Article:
No tax increase in Petrolia after province gives extra cash


Splash pad and new park at Greenwood planned for 2022

Petrolia homeowners won’t see their municipal taxes go up this year after all.

Councillor Wade Deighton called for a budget without a tax increase when council first looked at the $7.4 million document. But council turned down the move, voicing concern services would be cut if council didn’t increase taxes by two percent or about $120,000 in 2022.

hat’s despite the fact the CAO/Treasurer, Rick Charlebois, told councillors there would be no need to slash services and that any reduction in the budget would simply mean less money would go into the working capital reserve.

It was established in 2014 and now contains $4 million. The 2022 draft budget planned to deposit another $1.5 million into the reserve – That’s about 20 per cent of the total budget.

Council gave preliminary approval to that budget with a two per cent tax increase. That’s about $24 more for every $100,000 of the assessed value of their homes.

But when it came time for council to finally approve the 2022 budget Monday, Charlebois had found a way to hold the line on taxes as Deighton had originally suggested.

Charlebois told council the Ontario Community Infrastructure Fund grant was expected to come in around $250,000. Instead the province turned over about $852,000 for capital projects to the town.

That money can be used for roads, bridges, and water and sewer projects.
The draft budget planned to put aside $1.2 million to help pay for a new water intake at the Petrolia Water Treatment Plant.

It’s a $16 million project. The town is looking for a grant to complete the work. If it is approved, the town would still be responsible for $4 million.

“After quickly analysing our draft 2022 budget given the unexpected increase to our OCIF grant for 2022, I recommended zero per cent municipal tax rate increase to council,” said Charlebois in an email, acknowledging council had not asked for the CAO/Treasurer to make the move.

So Charlebois factored in the extra cash. He was now able to set aside $1.75 million for the replacement of the water intake instead of $1.4 million and spend another $120,000 on other capital projects, eliminating the tax increase.

And Charlebois says the town will also be able to put $1.4 million in that $4 million working capital reserve.

He also told The Independent it is likely the town will have a surplus at the end of 2021 of between $100,000 and $200,000 which will also make its way to the ever growing reserve.

Mayor Brad Loosely was pleased with the revised budget noting a lot of capital projects will be completed because of the plan. “But the bottom line $2.8 million is being spent on capital work (including with the water and sewage plants) in the town of Petrolia, which is great news.”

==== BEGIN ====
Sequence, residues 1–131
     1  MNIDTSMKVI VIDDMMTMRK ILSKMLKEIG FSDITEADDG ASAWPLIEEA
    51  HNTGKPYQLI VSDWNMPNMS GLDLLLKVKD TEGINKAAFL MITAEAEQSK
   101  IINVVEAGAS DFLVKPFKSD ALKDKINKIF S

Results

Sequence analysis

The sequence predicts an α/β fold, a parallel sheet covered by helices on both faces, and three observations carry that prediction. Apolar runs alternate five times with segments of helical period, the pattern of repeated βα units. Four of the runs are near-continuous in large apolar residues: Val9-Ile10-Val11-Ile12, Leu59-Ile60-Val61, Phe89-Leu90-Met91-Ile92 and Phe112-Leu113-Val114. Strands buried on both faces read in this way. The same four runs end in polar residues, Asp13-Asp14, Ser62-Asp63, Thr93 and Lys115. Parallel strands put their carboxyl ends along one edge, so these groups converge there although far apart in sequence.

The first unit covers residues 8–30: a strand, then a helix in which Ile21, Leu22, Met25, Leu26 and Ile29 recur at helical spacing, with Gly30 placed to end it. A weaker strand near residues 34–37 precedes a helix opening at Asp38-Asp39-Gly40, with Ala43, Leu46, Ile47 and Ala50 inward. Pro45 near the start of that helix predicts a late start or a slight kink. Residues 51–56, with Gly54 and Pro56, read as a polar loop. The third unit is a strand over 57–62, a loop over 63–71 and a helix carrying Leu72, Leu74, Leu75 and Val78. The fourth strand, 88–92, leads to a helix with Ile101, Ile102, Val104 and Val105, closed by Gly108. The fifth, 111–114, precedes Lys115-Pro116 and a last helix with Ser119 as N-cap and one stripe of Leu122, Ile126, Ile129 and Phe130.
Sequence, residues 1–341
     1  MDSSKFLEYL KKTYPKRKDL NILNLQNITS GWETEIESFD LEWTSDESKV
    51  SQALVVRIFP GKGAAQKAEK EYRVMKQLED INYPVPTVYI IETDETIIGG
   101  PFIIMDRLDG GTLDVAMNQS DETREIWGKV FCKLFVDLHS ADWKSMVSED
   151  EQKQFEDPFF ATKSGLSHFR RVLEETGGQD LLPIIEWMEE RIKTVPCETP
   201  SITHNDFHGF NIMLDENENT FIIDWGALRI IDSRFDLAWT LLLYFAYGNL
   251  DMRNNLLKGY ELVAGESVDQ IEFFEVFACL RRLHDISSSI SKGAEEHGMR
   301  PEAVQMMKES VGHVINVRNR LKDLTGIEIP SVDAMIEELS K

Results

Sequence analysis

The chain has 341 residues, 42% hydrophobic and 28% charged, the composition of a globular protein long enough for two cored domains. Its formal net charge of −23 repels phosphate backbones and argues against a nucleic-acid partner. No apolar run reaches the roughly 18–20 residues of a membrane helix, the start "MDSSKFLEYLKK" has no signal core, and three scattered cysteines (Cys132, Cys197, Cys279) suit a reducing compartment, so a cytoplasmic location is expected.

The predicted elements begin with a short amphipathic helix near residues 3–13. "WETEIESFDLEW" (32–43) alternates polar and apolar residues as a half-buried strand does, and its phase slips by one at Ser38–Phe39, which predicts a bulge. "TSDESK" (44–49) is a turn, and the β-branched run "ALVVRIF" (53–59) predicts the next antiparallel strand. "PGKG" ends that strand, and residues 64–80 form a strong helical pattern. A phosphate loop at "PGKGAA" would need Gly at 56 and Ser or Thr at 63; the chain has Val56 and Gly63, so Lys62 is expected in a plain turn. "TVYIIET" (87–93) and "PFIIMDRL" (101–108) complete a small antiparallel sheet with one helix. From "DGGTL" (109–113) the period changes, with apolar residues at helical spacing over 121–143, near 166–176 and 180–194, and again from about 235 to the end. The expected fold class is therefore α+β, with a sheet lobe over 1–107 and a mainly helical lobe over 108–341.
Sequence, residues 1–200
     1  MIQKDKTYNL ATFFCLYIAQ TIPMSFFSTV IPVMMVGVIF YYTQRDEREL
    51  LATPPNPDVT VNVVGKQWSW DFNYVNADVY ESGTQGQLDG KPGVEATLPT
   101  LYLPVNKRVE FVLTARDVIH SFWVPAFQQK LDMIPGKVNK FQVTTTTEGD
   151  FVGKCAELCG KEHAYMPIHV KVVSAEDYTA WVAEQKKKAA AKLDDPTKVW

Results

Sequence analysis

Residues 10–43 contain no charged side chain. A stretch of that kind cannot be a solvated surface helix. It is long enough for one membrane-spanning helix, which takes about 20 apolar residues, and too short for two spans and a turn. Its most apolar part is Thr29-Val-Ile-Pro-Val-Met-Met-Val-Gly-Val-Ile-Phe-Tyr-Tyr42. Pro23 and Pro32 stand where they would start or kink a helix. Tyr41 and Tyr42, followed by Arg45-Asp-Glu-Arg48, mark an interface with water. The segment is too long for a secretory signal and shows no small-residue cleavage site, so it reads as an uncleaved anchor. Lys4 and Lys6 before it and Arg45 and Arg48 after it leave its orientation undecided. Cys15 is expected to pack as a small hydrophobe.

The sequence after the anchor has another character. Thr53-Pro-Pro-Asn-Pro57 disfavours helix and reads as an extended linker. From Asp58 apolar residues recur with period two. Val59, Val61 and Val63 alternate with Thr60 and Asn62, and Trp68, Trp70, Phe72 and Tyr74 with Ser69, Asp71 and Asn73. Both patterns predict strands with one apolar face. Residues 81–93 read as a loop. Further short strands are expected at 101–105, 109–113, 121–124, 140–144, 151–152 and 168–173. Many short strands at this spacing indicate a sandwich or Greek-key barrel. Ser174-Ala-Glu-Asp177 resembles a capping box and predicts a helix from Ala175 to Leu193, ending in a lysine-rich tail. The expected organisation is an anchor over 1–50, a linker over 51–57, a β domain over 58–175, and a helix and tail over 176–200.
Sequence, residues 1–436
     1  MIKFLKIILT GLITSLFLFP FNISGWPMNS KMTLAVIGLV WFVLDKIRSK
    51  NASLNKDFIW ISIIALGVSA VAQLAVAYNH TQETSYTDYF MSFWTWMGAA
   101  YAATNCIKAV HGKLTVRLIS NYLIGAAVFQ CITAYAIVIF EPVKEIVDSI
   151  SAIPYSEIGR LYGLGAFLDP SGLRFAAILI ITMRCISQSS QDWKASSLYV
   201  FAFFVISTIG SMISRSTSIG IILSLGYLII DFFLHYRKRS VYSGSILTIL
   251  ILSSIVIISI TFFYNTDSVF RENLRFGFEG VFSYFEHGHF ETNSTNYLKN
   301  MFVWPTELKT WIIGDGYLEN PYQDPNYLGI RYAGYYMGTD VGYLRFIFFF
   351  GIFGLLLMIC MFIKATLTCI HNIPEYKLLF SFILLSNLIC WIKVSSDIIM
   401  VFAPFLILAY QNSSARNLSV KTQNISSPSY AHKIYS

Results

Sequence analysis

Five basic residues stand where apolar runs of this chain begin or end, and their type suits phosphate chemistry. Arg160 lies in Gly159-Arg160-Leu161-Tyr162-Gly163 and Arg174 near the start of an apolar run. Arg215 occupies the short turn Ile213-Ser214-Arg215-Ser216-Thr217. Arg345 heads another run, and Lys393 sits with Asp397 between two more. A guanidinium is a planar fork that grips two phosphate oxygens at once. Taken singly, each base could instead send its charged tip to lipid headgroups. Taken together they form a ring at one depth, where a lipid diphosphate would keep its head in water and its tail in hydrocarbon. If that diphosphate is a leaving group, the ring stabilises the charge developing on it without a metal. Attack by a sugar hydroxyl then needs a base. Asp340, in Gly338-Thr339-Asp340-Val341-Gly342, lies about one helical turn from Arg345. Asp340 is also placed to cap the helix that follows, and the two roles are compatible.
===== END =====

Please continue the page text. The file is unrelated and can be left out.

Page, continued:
But not everyone was happy with holding the line on taxes. Councillor Don Welten wanted some kind of tax increase. “I know we got government grants and all that stuff. And I’m not saying two per cent (is needed). But I think we should at least do something in there instead of zero per cent. Looking towards the future, we’ve got a lot of money we have to spend down the road,” he told council Monday.=

Councillor Joel Field also voiced concern. “I don’t like to see the zero (budget increase). And that can be taken wrong – I’ll likely be quoted wrong. But, I also see the projects that we need to do in the next couple of years. And, and I understand where the 2% initially was going to go … we have the intake, we have a lot of infrastructure projects that I just really hope when they do come up, we have enough in those reserves.”
By the end of 2020 – the latest numbers available, the town had a total of $7,992,400 in reserves for various projects.

Also in the budget; there is also about $914,000 set aside to improve parts of Pearl, England, Glenview, Mutual, Kentail, Third and Valentina in 2022. The town uses two grants to offset those costs, reducing the net cost to local taxpayers to $135,000.

The Public Works department has also set aside $100,000 for sidewalk repair and replacement. There is also $40,000 in the budget which had already been approved by council for a consultant to give a blueprint of which sidewalks should be replaced first and where new sidewalks should be built.

Another $75,000 has been set aside in the budget labeled as a donation to the Parents for Parks group. It’s proposing a $300,000 plus accessible playground in Greenwood Park. The group has raised close to $200,000 according to Loosley and asked if the town would consider a grant.

There is also $10,000 in the budget to help prepare the site for the new playground.
The town will be getting a splash pad. The new Petrolia Kiwanis Club offered to finance the project and the town has included it in this years budget.

The 2022 budget also includes $50,000 for a new entrance sign on the south side of town on Oil Heritage Road. Administrators say they will continue to use the steel oil rig at the location but get rid of the dated sign.